Title: Environmental risk mapping of potential abandoned uranium mine contamination on the Navajo Nation, USA, using a GIS-based multi-criteria decision analysis approach.
Authors: Lin, Yan; Hoover, Joseph; Beene, Daniel; Erdei, Esther; Liu, Zhuoming
Published In Environ Sci Pollut Res Int, (2020 Aug)
Abstract: The Navajo Nation (NN), a sovereign indigenous tribal nation in the Southwestern United States, is home to 523 abandoned uranium mines (AUMs). Previous health studies have articulated numerous human health hazards associated with AUMs and multiple environmental mechanisms/pathways (e.g., air, water, and soil) for contaminant transport. Despite this evidence, the limited modeling of AUM contamination that exists relies solely on proximity to mines and only considers single rather than combined pathways from which the contamination is a product. In order to better understand the spatial dynamics of contaminant exposure across the NN, we adopted the following established geospatial and computational methods to develop a more sophisticated environmental risk map illustrating the potential for AUM contamination: GIS-based multi-criteria decision analysis (GIS-MCDA), fuzzy logic, and analytic hierarchy process (AHP). Eight criteria layers were selected for the GIS-MCDA model: proximity to AUMs, roadway proximity, drainage proximity, topographic landforms, wind index, topographic wind exposure, vegetation index, and groundwater contamination. Model sensitivity was evaluated using the one-at-a-time method, and statistical validation analysis was conducted using two separate environmental datasets. The sensitivity analysis indicated consistency and reliability of the model. Model results were strongly associated with environmental uranium concentrations. The model classifies 20.2% of the NN as high potential for AUM contamination while 65.7% and 14.1% of the region are at medium and low risk, respectively. This study is entirely a novel application and a crucial first step toward informing future epidemiologic studies and ongoing remediation efforts to reduce human exposure to AUM waste.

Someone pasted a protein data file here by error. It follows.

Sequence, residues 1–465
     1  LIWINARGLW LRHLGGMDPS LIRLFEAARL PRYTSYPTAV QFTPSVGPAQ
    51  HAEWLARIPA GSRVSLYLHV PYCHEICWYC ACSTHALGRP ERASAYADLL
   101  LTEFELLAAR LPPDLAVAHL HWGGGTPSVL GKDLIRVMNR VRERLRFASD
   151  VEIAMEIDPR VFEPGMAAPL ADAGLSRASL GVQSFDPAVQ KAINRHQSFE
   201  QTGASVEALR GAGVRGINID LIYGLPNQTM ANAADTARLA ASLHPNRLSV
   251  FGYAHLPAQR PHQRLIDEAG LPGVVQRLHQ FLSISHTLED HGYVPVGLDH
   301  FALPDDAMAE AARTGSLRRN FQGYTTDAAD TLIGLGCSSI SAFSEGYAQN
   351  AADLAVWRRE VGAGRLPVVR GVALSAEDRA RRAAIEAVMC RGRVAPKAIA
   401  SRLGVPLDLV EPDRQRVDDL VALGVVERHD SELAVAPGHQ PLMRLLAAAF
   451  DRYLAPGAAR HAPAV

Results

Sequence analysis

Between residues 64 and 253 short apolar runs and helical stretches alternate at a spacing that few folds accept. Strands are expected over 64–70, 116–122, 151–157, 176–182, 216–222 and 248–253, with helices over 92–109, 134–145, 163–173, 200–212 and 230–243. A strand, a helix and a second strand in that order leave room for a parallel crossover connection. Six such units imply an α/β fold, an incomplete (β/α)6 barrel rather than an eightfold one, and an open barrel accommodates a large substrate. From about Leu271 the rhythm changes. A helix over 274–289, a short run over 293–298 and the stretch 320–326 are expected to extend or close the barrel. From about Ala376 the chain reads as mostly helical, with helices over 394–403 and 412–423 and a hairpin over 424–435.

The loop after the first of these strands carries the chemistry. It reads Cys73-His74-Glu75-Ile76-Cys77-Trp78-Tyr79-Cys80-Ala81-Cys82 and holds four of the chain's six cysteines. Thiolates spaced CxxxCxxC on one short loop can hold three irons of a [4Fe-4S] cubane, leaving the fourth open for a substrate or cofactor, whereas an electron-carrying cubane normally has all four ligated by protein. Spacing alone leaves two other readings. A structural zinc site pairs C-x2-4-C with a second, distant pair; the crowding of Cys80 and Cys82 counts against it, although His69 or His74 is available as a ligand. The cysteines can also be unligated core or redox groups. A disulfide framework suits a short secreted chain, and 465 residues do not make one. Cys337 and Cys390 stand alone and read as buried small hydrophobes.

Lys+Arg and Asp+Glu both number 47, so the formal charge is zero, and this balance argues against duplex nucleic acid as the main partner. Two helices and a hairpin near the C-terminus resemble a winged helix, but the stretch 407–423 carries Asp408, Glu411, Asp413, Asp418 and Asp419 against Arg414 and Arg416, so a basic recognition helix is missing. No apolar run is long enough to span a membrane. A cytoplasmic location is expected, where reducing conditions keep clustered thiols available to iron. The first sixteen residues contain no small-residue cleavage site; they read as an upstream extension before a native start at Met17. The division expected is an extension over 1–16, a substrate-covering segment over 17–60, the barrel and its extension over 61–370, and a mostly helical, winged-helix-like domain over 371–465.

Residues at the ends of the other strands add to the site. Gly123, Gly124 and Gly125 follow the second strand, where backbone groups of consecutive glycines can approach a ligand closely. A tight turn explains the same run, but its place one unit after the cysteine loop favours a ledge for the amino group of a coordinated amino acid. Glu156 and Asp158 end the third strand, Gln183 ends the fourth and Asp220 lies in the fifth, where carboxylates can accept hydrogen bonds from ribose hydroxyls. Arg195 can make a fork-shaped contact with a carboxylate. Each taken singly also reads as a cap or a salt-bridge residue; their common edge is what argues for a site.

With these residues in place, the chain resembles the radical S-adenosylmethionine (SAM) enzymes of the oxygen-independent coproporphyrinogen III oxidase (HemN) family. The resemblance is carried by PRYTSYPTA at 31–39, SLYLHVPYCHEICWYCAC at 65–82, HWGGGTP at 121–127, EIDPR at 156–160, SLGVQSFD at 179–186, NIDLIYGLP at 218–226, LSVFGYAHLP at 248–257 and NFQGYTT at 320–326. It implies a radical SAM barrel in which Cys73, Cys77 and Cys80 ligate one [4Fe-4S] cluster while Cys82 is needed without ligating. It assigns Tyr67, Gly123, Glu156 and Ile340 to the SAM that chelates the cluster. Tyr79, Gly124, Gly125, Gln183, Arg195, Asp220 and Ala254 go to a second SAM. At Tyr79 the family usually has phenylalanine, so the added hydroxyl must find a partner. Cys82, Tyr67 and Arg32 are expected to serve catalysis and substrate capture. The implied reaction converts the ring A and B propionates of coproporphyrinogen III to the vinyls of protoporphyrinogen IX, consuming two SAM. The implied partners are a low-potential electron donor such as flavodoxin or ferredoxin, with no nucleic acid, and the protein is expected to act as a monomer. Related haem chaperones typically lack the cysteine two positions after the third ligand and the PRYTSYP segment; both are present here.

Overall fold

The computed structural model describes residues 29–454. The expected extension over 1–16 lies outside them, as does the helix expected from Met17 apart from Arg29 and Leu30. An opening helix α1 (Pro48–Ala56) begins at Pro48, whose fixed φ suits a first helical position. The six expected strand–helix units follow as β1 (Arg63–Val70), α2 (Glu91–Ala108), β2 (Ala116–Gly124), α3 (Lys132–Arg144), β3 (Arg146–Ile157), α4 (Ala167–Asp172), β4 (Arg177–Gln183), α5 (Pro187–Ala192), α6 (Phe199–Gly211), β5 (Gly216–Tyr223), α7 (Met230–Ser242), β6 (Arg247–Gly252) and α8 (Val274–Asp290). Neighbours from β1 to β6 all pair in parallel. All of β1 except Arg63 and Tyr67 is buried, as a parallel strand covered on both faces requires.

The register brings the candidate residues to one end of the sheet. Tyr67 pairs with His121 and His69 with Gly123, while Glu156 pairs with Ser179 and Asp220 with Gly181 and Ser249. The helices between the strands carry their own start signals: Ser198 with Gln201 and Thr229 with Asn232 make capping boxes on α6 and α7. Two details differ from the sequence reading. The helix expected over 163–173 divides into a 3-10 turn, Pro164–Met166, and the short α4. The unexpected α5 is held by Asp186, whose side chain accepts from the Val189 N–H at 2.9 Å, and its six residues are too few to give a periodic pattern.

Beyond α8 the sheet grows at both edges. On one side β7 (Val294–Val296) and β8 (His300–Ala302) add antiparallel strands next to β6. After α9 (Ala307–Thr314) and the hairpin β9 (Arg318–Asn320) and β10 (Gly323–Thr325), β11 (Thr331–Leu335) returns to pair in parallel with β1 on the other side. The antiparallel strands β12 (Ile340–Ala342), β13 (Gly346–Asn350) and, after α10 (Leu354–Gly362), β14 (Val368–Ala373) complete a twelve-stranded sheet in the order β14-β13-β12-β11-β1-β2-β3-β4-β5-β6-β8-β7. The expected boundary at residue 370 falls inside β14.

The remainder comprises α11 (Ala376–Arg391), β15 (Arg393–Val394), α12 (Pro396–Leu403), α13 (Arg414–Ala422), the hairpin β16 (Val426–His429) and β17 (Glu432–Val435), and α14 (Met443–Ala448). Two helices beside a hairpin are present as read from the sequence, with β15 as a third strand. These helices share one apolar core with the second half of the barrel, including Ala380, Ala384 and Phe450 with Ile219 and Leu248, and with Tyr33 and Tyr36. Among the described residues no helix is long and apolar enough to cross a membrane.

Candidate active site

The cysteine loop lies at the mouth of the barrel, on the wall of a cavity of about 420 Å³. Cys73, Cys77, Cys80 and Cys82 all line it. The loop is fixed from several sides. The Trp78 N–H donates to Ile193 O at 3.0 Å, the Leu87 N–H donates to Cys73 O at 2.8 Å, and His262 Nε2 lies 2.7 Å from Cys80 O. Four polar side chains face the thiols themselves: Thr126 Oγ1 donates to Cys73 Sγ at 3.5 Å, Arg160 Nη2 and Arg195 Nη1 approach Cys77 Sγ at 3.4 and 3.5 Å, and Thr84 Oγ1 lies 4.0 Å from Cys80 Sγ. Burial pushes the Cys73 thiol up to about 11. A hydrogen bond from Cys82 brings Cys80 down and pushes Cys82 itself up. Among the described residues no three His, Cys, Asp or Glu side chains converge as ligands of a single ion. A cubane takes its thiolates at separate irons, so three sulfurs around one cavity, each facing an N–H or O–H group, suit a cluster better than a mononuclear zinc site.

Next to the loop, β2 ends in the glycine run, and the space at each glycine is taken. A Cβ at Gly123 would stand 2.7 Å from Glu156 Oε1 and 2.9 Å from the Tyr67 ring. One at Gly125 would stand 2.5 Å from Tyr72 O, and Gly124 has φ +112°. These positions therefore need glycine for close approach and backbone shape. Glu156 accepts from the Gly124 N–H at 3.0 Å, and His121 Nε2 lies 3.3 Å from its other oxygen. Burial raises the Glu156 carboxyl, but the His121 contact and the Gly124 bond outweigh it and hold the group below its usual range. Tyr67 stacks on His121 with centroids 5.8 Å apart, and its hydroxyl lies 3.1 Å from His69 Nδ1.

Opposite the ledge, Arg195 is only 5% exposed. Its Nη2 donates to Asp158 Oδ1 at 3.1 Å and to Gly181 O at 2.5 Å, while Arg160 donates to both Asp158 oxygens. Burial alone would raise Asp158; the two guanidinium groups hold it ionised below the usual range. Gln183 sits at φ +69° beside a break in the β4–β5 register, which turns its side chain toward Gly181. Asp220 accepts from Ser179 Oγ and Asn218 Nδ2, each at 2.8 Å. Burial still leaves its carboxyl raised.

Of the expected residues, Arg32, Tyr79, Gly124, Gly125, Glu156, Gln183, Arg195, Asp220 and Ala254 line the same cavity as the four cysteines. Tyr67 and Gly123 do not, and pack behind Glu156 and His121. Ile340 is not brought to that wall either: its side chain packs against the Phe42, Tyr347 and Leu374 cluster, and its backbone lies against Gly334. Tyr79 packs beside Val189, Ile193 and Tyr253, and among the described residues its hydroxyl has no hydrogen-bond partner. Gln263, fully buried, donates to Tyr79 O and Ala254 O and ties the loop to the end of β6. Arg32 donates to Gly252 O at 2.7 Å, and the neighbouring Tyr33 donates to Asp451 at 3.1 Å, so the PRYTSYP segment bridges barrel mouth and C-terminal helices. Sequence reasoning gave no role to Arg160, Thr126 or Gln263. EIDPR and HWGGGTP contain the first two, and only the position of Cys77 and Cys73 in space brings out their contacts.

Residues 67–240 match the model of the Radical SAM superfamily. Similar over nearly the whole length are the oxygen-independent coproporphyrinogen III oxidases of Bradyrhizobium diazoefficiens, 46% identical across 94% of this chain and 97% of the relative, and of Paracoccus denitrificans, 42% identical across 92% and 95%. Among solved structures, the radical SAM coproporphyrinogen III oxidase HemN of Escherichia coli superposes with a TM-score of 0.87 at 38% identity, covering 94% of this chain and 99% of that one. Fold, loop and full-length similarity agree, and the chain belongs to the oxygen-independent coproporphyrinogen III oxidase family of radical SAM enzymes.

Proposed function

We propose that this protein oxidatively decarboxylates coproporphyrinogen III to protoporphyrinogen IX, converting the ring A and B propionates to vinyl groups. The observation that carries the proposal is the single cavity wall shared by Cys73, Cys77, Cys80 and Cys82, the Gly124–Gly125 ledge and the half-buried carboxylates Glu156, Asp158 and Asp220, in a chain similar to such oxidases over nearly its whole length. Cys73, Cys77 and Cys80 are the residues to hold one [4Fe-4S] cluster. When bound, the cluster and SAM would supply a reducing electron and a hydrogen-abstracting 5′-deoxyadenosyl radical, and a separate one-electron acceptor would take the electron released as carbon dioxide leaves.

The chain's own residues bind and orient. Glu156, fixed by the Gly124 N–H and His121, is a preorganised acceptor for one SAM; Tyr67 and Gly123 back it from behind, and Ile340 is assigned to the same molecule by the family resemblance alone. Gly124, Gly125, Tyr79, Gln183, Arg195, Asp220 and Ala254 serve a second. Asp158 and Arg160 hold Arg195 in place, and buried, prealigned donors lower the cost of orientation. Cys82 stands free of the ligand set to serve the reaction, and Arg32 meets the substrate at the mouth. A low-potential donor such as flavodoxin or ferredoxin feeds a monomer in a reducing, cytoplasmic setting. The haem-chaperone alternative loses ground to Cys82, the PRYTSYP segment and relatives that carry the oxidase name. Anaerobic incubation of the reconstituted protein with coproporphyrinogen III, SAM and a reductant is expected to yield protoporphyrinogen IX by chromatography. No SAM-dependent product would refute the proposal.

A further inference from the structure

PubMed ID: 32468361
MeSH Terms: Decision Support Techniques; Environmental Monitoring; Geographic Information Systems; Humans; Mining; Reproducibility of Results; Uranium/analysis*